Review Summary: Malin Pettersen's full-length debut is spellbinding and beautiful; another notch in the win column for 2020's country music scene.
Serene and sublime, Wildhorse
is the sound of traveling across the countryside on a crisp autumn afternoon. There’s a wistful yet liberated aura, as if Pettersen has invited us to travel through a collage of memories with her. Classical pianos sparkle iridescently like church bells brightening an otherwise grayscale industrial town, while the guitars slide with an effortlessly rustic twang that drives us through the adjacent, winding hillsides. Lightly strummed acoustics splash throughout the background like waves crashing into shore on a sunny afternoon – enough to offer up placid scenery without distracting from the even grander landscape. Malin’s voice hovers above it all, smooth and majestic – an eagle circling over the yellow mazes of corn and patchwork green/orange treetops. Wildhorse
is, by Malin’s own estimation, an album about “travel, movement, longing, discovery and wonder” – and it’s a theme that can be immediately felt here.
Stylistically, Malin Pettersen draws from some of the best in modern country. Wildhorse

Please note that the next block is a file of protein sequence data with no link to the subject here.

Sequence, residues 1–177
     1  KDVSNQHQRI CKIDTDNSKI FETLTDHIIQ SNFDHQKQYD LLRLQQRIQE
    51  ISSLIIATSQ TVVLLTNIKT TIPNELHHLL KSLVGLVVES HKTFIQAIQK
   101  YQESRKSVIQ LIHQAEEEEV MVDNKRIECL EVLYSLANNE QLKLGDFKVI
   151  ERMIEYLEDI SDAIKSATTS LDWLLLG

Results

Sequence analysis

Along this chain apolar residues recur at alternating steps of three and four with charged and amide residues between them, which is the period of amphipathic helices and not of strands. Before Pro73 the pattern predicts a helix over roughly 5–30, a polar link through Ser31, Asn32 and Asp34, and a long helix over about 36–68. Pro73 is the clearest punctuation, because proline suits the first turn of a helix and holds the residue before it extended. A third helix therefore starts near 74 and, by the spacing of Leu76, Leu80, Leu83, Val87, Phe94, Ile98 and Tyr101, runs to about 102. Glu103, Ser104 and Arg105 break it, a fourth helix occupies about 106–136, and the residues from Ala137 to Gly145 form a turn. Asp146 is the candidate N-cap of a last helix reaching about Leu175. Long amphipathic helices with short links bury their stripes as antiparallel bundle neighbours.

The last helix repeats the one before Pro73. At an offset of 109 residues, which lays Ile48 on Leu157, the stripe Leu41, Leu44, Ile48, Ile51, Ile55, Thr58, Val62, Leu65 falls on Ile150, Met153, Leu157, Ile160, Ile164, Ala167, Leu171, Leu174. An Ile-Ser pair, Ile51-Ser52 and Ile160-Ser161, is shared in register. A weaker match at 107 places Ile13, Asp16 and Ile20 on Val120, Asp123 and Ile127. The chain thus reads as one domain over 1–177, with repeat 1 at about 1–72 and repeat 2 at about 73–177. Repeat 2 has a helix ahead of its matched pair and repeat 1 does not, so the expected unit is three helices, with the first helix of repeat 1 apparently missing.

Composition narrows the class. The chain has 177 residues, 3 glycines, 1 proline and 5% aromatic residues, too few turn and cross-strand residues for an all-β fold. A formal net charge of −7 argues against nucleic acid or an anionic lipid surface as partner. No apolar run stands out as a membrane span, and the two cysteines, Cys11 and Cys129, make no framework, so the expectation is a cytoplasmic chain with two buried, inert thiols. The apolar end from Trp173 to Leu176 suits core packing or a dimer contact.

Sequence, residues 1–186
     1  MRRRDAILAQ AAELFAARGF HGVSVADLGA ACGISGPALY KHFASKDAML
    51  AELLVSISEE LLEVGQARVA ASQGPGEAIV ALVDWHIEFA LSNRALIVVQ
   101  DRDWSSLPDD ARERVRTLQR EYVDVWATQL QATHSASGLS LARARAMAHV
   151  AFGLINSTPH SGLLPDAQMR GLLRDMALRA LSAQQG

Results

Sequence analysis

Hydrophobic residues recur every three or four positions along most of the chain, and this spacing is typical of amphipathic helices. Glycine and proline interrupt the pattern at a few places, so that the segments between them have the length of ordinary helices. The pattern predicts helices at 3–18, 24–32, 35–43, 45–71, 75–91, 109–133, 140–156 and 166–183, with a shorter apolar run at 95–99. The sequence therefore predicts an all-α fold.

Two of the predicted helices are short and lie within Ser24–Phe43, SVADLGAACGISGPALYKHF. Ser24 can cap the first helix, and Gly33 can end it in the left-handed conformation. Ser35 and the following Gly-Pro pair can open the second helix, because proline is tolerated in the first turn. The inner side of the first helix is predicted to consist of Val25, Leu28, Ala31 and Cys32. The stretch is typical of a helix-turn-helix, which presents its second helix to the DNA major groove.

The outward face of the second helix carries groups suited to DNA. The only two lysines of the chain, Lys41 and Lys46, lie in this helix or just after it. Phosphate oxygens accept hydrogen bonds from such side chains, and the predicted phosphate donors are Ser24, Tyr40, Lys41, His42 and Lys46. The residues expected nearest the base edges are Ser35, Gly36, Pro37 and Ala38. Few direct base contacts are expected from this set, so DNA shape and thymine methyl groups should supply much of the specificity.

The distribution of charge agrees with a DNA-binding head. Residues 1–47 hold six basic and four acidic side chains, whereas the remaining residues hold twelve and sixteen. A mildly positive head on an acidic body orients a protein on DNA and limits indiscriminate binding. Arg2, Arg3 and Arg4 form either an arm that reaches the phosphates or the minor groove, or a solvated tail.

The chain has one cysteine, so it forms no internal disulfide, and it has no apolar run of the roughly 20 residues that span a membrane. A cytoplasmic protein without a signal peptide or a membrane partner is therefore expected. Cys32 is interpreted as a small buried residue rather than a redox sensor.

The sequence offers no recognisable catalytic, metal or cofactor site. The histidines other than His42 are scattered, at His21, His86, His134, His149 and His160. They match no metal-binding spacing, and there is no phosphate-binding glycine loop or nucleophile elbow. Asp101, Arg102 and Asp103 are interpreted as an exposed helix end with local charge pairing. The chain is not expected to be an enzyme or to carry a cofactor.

was recorded with musicians who have played alongside the likes of Kacey Musgraves and Colter Wall, and the uncanny magnetism that those artists regularly exude is on display with Pettersen’s full-length debut. It’s an album whose atmosphere dips into the ethereal while the candid, storytelling lyrics keep its boots dug into the dirt. Those who have followed country/folk/Americana throughout the pandemic might liken it to Jess Williamson’s Sorceress
– a record of similar instrumental variety that washes over you like a daydream.
is at its best when its otherworldly ether flourishes: ‘Particles’ could soundtrack a boat slowly sailing out at sunset with its lazy tropical sway, ‘Holding Lonely’s cascading piano outro sounds like an ascension into the clouds while looking down upon the thousand shimmering diamonds of the ocean’s surface, and ‘Mr. Memory’s transformation from rural country-folk ditty to breathtaking ambience is like leaving the homestead to venture into a mystical forest. Much of Wildhorse
’s aesthetics deal not in black or white but in shades of gray – the area between the Earth and the sky. It’s a beautiful space to occupy, and it lifts country’s often one-dimensional aesthetic to new heights.
Even when Pettersen’s songs are grounded and more traditional, she pulls it all off like a seasoned veteran of the genre. ‘I Don’t Care’s rustic fiddles sound like a sibling to Phoebe Bridgers’ ‘Graceland Too’, while ‘Let’s Go Out’ picks up the tempo and enters a more conventional country-rock sound space. Regardless of which direction Malin’s whims carry Wildhorse
though, the execution is always superb thanks to her balance between creative, patient songwriting and downright pristine production. There’s a very level flow here, even as Pettersen blends rootsier country/folk with more ambient, nontraditional influences that sound like they could have descended from Golden Hour
. This doesn’t quite blaze a trail that
brilliant or novel, but Wildhorse
is still very charming and refined – a forced to be reckoned with in a year that has already seen modern country music take a quantum leap forward.